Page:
2 n-count In popular music, the number one is the best selling CD in any one week, or the group or person who has made that CD.
INFORMAL Paula is the only artist to achieve four number ones from a debut album.
one-armed bandit ( one-armed bandits plural ) A one-armed bandit is the same as a fruit machine. n-count
1 adj If someone describes a town as a one-horse town, they mean it is very small, dull, and old-fashioned.
ADJ n (disapproval)
Would you want to live in a small, one-horse town for your whole life?
2 adj If a contest is described as a one-horse race, it is thought that one person or thing will obviously win it.
He described the referendum as a one-horse race...
one-liner ( one-liners plural ) A one-liner is a funny remark or a joke told in one sentence, for example in a play or comedy programme.
The book is witty and peppered with good one-liners.
1 adj A one-man performance is given by only one man rather than by several people.
I saw him do his one-man show in London, which I loved.
2 adj A one-man organization, such as a business or type of government is controlled by one person, rather than by several people.
It has grown from a one-man business to a multi-million dollar business with close to $10 million in assets..., He established one-man rule in his country seven months ago.
one-man band ( one-man bands plural ) Aone-man band is a street entertainer who wears and plays a lot of different instruments at the same time. n-count
one-night stand ( one-night stands plural ) A one-night stand is a very brief sexual relationship, usually one that is casual and perhaps only lasts one night.
You use one-of-a-kind to describe something that is special because there is nothing else exactly like it.
(mainly AM) adj ADJ n
...a small one-of-a-kind publishing house.
one-off ( one-offs plural )
1 n-count You can refer to something as a one-off when it is made or happens only once.
Our survey revealed that these allergies were mainly one-offs.
2 adj A one-off thing is made or happens only once.
(mainly BRIT) ADJ n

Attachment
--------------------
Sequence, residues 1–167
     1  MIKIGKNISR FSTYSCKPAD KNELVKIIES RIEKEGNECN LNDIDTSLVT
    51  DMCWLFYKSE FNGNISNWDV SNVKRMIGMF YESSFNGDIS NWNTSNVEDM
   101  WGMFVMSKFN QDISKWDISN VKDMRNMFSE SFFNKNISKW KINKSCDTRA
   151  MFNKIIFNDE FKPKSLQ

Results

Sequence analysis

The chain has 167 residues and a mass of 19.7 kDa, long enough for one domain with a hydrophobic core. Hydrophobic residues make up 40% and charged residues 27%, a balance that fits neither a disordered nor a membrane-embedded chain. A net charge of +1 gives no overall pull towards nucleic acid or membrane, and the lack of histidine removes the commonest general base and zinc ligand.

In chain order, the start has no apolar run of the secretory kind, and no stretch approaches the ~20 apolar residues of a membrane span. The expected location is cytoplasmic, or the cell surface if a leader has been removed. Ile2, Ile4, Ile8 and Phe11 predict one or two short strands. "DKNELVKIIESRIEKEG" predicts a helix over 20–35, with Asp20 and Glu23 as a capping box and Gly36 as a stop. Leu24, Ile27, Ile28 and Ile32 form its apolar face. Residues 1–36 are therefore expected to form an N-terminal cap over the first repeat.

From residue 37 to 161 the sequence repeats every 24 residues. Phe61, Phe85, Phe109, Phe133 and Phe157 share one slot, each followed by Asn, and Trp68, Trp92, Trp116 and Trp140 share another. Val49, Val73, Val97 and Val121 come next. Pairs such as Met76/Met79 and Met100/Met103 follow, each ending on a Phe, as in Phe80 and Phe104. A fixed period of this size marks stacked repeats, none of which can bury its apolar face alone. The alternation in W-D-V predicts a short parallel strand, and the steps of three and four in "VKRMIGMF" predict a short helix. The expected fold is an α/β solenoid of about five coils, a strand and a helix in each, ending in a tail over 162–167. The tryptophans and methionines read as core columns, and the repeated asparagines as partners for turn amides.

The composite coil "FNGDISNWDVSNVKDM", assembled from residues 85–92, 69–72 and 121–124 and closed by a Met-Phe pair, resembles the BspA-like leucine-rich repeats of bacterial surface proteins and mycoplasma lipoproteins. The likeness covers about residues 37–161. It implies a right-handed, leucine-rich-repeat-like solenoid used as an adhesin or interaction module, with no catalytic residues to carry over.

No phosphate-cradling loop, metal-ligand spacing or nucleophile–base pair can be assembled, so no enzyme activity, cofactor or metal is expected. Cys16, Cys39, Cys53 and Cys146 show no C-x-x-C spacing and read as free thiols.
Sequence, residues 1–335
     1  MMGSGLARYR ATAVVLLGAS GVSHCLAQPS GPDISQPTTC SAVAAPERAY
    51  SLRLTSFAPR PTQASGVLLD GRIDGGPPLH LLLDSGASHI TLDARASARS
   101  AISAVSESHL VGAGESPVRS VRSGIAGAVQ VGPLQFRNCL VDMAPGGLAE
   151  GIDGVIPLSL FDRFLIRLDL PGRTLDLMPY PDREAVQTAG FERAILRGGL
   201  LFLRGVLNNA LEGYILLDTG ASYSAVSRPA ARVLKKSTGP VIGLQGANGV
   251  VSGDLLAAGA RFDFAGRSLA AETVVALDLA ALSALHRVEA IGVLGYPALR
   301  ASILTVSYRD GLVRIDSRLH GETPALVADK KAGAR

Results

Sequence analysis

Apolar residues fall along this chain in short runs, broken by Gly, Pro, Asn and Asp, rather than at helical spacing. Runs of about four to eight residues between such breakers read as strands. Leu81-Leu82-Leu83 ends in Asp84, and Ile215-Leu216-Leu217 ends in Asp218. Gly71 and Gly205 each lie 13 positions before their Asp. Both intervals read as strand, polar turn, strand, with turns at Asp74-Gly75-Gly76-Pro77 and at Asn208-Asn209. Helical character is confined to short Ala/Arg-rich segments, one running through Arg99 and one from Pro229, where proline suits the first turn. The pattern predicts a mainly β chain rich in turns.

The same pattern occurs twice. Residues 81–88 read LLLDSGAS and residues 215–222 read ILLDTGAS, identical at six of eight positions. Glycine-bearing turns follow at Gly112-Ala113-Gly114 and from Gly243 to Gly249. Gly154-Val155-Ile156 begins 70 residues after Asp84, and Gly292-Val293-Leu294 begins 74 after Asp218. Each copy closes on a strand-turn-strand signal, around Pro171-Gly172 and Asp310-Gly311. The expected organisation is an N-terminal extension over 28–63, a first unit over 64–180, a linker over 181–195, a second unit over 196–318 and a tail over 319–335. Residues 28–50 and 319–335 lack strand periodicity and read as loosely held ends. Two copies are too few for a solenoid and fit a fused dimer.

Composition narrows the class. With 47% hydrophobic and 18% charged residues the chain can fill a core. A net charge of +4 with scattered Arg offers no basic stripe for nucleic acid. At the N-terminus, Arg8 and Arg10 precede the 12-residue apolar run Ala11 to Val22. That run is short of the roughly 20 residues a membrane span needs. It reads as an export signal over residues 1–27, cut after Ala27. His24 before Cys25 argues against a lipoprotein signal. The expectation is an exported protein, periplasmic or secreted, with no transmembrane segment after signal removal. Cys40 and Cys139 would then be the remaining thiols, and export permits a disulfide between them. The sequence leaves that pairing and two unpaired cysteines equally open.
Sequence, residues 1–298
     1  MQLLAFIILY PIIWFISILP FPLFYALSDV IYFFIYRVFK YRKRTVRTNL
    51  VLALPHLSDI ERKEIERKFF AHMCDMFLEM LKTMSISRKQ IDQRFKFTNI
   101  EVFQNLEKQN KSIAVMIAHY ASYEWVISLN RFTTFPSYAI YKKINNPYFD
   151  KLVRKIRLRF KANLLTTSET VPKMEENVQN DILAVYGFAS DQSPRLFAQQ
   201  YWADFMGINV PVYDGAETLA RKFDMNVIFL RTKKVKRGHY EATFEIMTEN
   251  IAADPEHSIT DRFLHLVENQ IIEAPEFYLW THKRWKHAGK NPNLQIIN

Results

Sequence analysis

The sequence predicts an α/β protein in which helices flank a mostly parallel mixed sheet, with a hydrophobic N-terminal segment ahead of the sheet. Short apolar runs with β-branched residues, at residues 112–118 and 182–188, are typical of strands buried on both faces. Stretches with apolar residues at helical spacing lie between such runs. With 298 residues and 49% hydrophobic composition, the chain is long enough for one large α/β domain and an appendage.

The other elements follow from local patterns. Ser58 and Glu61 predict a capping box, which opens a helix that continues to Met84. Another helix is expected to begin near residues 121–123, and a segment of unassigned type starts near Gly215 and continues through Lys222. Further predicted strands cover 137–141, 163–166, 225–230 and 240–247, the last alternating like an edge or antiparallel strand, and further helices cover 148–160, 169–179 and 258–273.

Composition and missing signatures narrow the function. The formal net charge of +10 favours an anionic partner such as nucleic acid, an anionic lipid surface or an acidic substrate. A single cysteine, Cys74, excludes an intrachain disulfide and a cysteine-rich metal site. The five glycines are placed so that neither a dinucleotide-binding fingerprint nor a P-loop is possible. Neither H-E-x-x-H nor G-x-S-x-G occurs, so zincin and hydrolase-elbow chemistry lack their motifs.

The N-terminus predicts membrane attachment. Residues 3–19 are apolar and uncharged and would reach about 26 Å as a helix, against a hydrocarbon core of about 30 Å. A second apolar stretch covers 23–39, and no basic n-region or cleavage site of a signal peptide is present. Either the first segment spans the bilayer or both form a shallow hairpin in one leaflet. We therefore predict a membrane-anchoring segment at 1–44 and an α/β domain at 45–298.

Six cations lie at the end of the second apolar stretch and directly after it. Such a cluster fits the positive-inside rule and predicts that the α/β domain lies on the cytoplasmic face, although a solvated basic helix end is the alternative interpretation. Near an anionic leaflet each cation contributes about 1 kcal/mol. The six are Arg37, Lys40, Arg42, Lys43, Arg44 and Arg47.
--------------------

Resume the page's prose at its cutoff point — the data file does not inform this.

...one-off cash benefits.
A one-on-one situation, meeting, or contest involves only two people. adj usu ADJ n
...a one-on-one therapy session.
One-on-one is also an adverb., adv ADV after v
Talking one-on-one with people is not his idea of fun.
One-on-one is also a noun., n-sing oft N with n
Holloway was beaten in a one-on-one with Miklosko just before half-time.
one-parent family ( one-parent families plural ) A one-parent family is a family that consists of one parent and his or her children living together. n-count
Many children are now born into or raised in one-parent families.
one-piece ( one-pieces plural )
1 adj A one-piece article of clothing consists of one piece only, rather than two or more separate parts.
...a blue one-piece bathing suit.
2 n-count A one-piece is a type of woman's swimming costume that consists of one piece of material and which covers her chest.
A one-piece is more flattering than a bikini.
1 det Speakers and writers use one's to indicate that something belongs or relates to people in general, or to themselves in particular.
...a feeling of responsibility for the welfare of others in one's community...
2 One's can be used as a spoken form of `one is' or `one has', especially when `has' is an auxiliary verb.
No one's going to hurt you. No one. Not any more..., I think one's got to consider all the possibilities.